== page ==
Advertisement

International Journal of Speech Technology

, Volume 3, Issue 1, pp 35–49 | Cite as

Formant and Pitch Detection Using Time-Frequency Distribution

  • Wanda W. Zhao
  • Tokunbo Ogunfunmi
Article

Abstract

The Wigner-Ville distribution of a multi-component signalhas a unique structure. Based on this structure, a formant and pitchestimation method for speech signals is introduced. Formants andpitch estimated with this method are more accurate, have betterresolution, and are easier to recognize than those estimated by othermethods. A one pitch-period segment is adequate for formantestimation while a minimal two pitch-period segment is needed forboth pitch and formant detection with one step. Experimental resultsare provided to demonstrate the performance of this method, andcomparisons with other methods are provided.

speech signals formant and pitch estimation time-frequency distribution 

Preview

Unable to display preview. Download preview PDF.

Unable to display preview. Download preview PDF.

References

  1. Bogert, B.P., Healy, M.J.R., and Tukey, J.W. (1963). The quefrency analysis of times series for echoes: Cepstrum, pseudoautocovariance, cross-cepstrum, and saphe cracking. Proc. Symp. Time Series Analysis. NY: John Wiley and Sons, pp. 209–243.Google Scholar
  2. Boudreaux-Bartels, G.F. and Parks, T.W. (1986). Time-varying filtering and signal estimation using the wigner distribution synthesis techniques. IEEE Trans. on Acoust., Speech, and Sig. Proc., 34:442–451.Google Scholar
  3. Choi, H. and Williams, William J. (1989). Improved time-frequency representation of multicomponent signals using exponential kernels. IEEE Trans. on Acoust., Speech, and Sig. Proc., 37(6):862–871.Google Scholar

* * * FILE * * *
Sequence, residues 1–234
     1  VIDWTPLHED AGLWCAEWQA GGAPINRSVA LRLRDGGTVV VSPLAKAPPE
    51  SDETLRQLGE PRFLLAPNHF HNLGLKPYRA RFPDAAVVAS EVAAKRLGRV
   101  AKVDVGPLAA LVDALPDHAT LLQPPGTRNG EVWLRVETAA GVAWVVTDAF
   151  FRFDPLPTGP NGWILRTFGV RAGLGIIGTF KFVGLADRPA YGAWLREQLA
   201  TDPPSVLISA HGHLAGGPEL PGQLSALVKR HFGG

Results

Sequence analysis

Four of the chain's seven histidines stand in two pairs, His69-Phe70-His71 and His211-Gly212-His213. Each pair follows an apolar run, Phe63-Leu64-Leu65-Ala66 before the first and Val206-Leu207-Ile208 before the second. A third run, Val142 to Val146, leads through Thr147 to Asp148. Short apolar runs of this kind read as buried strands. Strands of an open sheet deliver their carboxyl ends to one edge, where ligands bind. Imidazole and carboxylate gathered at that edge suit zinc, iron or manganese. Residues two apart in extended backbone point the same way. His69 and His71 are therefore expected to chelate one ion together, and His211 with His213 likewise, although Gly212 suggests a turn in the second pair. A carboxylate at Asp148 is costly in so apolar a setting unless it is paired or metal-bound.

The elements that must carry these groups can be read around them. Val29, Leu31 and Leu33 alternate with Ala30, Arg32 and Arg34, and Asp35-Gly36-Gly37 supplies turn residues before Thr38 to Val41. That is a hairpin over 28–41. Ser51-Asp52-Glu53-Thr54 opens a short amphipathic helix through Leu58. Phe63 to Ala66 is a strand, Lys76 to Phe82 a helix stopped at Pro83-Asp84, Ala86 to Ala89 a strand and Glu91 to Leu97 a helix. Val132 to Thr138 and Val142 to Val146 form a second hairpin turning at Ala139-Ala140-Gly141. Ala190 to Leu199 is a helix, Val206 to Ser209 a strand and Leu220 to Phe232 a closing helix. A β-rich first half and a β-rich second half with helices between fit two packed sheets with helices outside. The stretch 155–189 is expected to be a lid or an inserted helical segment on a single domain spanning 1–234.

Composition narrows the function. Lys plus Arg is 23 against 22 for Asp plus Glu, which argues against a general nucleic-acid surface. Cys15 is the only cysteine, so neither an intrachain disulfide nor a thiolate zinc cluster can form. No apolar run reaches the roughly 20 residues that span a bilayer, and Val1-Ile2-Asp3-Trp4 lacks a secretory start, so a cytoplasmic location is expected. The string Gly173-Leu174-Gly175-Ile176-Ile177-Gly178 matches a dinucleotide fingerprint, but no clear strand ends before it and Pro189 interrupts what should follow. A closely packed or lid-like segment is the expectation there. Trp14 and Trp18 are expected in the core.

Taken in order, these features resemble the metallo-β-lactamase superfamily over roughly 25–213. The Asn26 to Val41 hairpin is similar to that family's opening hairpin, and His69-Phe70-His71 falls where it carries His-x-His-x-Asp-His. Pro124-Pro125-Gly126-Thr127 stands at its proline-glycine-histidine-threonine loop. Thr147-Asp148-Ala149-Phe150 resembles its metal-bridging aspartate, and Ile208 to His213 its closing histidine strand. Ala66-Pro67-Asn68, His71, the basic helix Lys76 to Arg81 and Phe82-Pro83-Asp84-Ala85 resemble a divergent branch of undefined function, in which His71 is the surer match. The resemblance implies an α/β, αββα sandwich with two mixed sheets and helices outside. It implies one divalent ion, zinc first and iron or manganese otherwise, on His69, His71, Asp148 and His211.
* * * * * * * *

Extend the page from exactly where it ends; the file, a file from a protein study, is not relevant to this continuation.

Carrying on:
4. Claasen, T.C.M. and Mecklenbrauker, W.F.G. (1980). The Wigner distribution—a tool for time-frequency signal analysis. Philips J. Res., 35:276–300.Google Scholar
  5. Markel, J.D. (1972). The SIFT algorithm for fundamental frequency estimation. IEEE Trans. on Audio and Electroacoustics, AU-20(5):367–377.Google Scholar
  6. Marksym, J.N. (1973). Real-time pitch extraction by adaptive prediction of the speech waveform. IEEE Trans. on Audio and Electroacoustics, AU-21(3):149–153.Google Scholar
  7. Miller, N.J. (1975). Pitch detection by data reduction. IEEE Trans. on Acoust., Speech, and Sig. Proc., 23:72–79.Google Scholar
  8. Nickel, R.M. and Williams, W.J. (1998). Using the time-frequency structure of pitch periods to improve speaker verification systems. Proc. IEEE Int. Conf. on Acoust., Speech, and Sig. Proc., pp. 145–148.Google Scholar
  9. Parsons, T. (1987). Voice and Speech Processing. NY: McGraw-Hill Book Co.Google Scholar
  10. Rabiner, L. and Juang, B.-H. (1993). Fundamentals of Speech Recognition. NJ: Prentice-Hall.Google Scholar
  11. Rabiner, L.R. and Schafer, R.W. (1978). Digital Processing of Speech Signals. NJ: Prentice-Hall.Google Scholar
  12. Ville, J. (1958). Theory and applications of the notion of complex signal. RAND Corporation Technical Report, T-92, Santa Monica, CA.Google Scholar
  13. Wigner, E.P. (1932). On the quantum correction for thermodynamic equilibrium. Physical Review, 40:749–759.Google Scholar

Copyright information

© Kluwer Academic Publishers 1999

Authors and Affiliations

  • Wanda W. Zhao
    • 1
  • Tokunbo Ogunfunmi
    • 1
  1. 1.Department of Electrical EngineeringSanta Clara UniversitySanta ClaraUSA

Personalised recommendations